But the tone of this third book is different from the first one. Here, Locke is no longer the cocksure, brilliant thief convinced he’s the smartest of all – he’s lost friends and made mistakes, so while his schemes are still brilliant, his thoughts are tinged with regret and even self-doubt. Jean is grieving but still his loyal self, ready to prove that his friendship with Locke will always stand the test of time.

The most significant addition to the story, however, is Sabetha. I know many fans disliked her – she is proud, distrustful, and even a little traitorous, but I thought she was great. We’ve been listening to Locke pine away for her for two books, and now that she’s finally here, she’s human. Yes, she’s brilliantly educated and beautiful – Locke’s obsession with her has not diminished – but she’s also wary and prickly and careful, worried she’ll make the same mistakes that made her run from the Gentleman Bastards in the first place. I loved her relationship with Jean, the fact that they managed to talk despite the huge obstacle that is Locke Lamora’s ego.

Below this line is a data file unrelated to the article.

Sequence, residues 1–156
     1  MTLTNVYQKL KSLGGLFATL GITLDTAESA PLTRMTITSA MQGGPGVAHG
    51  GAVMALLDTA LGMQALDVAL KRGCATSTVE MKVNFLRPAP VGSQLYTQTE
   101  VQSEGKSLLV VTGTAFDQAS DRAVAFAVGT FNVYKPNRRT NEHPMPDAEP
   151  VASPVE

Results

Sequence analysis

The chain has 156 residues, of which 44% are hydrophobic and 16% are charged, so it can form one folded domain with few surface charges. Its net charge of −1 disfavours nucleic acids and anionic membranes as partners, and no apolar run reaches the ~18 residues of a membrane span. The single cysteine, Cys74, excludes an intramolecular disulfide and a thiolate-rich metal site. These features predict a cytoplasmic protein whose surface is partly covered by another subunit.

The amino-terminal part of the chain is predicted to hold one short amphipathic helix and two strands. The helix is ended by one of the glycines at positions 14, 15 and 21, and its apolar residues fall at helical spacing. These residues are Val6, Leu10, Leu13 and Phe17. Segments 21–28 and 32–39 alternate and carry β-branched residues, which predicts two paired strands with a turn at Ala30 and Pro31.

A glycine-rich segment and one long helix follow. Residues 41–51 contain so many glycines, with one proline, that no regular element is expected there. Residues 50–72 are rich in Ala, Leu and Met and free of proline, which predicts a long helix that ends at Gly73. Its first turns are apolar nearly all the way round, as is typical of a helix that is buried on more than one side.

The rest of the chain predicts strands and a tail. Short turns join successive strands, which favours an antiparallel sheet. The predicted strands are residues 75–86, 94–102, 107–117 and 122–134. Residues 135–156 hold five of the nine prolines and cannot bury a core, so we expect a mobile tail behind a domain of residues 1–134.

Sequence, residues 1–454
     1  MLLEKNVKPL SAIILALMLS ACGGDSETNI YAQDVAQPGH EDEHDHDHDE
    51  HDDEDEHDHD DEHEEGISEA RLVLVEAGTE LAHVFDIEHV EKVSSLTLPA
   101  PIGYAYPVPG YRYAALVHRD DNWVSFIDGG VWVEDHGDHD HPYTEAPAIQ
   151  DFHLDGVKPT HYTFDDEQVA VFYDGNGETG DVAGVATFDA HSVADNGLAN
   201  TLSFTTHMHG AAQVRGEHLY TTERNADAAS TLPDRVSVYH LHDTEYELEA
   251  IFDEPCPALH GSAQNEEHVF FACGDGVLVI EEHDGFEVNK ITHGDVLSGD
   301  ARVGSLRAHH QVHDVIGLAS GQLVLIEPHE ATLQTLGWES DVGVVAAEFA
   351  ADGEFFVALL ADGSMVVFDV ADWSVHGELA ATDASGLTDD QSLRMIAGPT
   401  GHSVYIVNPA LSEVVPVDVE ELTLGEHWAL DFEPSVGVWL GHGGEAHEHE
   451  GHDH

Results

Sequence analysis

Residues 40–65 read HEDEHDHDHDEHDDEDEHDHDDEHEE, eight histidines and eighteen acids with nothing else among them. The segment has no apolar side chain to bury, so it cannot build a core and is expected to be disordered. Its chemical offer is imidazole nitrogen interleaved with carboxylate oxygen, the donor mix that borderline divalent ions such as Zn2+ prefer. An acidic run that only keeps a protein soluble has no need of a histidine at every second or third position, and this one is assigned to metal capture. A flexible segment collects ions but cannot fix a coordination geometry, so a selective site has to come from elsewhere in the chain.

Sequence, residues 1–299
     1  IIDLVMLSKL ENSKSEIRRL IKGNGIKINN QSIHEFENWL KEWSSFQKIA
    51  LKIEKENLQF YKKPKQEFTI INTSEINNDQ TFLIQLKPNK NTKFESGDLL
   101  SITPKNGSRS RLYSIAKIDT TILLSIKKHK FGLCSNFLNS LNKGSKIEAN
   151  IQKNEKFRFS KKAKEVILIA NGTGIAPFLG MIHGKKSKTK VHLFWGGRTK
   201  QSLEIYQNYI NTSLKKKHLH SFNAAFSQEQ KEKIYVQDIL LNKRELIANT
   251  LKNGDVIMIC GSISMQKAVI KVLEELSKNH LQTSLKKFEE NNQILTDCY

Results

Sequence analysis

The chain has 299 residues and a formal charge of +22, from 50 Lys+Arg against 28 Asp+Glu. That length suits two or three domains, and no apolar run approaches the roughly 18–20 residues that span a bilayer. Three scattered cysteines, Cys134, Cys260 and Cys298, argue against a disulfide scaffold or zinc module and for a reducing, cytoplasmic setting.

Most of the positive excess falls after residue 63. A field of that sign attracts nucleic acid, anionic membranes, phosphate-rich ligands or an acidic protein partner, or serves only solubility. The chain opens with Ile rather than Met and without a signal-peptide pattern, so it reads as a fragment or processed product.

I also need to mention the Bondsmagi – the scary order of magicians we’ve met before in the form of the Falconer who aided the Grey King slaughter half of Camorri criminals in the first book. Here, the Bondsmagi are the silent force that toys with the people of Karthain, steering the election like it’s some sort of a puppet show. I liked the insight we got into their world, I admired (and loathed) Patience and was horrified by what remained of the Falconer.

The hints about the Eldren were also interesting; this ancient, mysterious civilization that left behind magnificent ruins and vanished without a trace. I really, really hope we’ll get to discover more about them in the rest of the series.